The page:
Does prefrontal connectivity during task switching help or hinder children’s performance?
Schwarze, S. A., Laube, C., Khosravani, N., Lindenberger, U., Bunge, S. A., & Fandakova, Y. (2023). Does prefrontal connectivity during task switching help or hinder children’s performance? Developmental Cognitive Neuroscience, 60, Article 101217. https://doi.org/10.1016/j.dcn.2023.101217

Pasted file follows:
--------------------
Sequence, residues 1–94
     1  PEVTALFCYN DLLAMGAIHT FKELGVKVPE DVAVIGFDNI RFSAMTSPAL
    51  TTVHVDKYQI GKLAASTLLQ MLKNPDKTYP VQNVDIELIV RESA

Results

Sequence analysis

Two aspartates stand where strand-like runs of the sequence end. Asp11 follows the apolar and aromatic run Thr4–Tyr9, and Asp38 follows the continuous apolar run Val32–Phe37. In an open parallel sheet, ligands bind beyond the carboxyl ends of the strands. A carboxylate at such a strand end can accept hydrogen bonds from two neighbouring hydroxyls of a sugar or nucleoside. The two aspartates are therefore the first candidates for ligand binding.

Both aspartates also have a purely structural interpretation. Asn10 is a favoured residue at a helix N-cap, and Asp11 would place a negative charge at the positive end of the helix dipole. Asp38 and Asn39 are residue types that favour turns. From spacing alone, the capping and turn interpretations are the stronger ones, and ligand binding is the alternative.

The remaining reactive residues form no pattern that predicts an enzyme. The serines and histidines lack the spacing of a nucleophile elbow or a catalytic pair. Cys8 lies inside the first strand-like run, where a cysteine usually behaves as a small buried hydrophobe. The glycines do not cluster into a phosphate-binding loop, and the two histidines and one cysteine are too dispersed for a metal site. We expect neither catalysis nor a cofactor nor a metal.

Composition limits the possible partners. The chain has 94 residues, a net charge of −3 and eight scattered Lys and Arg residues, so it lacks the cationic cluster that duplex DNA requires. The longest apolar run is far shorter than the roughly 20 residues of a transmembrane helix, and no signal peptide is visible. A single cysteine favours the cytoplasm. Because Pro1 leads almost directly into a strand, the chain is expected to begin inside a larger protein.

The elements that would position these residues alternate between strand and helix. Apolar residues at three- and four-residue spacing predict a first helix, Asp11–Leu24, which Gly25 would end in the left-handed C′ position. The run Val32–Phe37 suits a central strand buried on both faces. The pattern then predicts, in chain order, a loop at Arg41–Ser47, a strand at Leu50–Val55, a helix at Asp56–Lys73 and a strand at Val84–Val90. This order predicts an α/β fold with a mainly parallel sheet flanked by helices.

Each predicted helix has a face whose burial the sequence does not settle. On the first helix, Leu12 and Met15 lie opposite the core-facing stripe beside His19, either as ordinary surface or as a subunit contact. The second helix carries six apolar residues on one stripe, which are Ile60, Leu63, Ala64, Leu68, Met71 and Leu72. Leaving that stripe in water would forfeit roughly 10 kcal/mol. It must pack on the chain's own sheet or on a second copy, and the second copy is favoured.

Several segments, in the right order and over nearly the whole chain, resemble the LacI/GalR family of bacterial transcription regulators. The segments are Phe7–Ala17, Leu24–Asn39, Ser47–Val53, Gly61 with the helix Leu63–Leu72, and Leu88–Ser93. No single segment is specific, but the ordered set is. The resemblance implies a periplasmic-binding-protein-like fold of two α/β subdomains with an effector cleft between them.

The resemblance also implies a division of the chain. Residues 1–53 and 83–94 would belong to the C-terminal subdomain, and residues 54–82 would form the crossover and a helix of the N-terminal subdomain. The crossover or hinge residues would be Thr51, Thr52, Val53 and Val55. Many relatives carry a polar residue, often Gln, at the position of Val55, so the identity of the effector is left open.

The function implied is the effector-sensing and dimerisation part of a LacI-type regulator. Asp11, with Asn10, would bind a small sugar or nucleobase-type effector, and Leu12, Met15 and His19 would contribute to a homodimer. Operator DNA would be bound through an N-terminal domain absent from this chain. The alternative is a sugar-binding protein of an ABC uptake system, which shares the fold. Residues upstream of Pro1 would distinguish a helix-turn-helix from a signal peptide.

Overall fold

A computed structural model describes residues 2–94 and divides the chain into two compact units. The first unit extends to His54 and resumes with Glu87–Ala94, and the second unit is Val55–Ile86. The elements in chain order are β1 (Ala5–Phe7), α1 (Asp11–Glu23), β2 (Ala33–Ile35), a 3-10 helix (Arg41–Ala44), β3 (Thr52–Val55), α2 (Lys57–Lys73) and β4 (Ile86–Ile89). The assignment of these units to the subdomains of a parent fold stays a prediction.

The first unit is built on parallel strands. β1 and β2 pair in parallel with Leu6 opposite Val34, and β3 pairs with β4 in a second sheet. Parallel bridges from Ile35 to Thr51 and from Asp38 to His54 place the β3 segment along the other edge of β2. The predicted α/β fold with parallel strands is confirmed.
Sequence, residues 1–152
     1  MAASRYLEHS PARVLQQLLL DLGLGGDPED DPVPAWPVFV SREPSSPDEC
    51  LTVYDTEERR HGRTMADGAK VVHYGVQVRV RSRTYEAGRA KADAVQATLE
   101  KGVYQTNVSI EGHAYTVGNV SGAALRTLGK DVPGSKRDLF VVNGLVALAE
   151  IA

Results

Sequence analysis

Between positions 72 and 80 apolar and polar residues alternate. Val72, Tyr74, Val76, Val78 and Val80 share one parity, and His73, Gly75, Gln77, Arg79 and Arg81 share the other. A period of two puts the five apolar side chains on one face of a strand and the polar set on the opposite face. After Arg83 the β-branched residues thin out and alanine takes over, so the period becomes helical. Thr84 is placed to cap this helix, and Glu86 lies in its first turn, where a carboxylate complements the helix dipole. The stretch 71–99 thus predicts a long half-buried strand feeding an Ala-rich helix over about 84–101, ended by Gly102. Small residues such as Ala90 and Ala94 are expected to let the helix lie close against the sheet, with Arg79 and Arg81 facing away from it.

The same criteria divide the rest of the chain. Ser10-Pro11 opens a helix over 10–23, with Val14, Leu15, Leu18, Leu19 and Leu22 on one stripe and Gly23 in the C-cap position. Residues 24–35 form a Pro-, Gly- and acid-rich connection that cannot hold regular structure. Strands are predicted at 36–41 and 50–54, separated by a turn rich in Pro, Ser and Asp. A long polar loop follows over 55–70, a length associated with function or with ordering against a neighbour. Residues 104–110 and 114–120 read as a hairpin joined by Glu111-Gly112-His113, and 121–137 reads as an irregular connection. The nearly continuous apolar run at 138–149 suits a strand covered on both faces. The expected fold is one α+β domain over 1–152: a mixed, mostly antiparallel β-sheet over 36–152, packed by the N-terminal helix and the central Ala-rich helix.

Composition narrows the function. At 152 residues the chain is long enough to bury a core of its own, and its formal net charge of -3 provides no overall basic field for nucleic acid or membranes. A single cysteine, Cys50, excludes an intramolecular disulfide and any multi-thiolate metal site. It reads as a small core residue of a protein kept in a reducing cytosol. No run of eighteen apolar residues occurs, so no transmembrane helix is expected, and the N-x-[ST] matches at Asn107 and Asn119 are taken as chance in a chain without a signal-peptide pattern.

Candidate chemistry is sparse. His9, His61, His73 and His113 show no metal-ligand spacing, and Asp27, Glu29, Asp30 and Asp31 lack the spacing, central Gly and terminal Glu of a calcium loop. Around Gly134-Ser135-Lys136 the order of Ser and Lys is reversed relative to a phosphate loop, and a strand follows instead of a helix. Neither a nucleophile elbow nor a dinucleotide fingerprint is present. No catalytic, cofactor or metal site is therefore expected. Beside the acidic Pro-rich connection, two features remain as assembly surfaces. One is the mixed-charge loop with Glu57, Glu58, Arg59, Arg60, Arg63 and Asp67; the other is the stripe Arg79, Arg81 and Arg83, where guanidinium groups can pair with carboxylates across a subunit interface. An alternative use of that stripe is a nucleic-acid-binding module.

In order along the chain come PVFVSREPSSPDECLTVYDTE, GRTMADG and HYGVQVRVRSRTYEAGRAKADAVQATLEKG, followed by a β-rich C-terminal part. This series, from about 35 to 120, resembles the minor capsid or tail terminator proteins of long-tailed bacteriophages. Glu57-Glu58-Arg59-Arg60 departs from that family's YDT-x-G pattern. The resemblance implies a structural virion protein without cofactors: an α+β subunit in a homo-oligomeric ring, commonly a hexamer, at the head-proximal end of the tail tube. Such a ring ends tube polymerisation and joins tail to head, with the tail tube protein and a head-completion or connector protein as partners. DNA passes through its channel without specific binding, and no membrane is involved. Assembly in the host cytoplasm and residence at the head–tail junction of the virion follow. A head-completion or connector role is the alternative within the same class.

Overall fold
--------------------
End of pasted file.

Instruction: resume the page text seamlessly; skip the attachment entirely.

The ability to flexibly switch from one task to another, which is crucial for goal-directed behavior, is known to increase during middle childhood. In adults, switching ability has been associated with specific frontal and parietal brain regions, which also mature in childhood and adolescence. We investigated whether switch-related activation patterns are different in 8- to 11-year-old children compared to young adults. We found that regions known to be activated during task switching in adults were less active in children. At the same time, children showed greater switch-related functional connectivity to additional prefrontal regions. Importantly, children with less adult-like activation patterns and increased functional connectivity showed better task-switching performance than children with more adult-like activation patterns. We suggest that some children might efficiently manage task switching demands with a functional neural network that differs from the one observed in adults.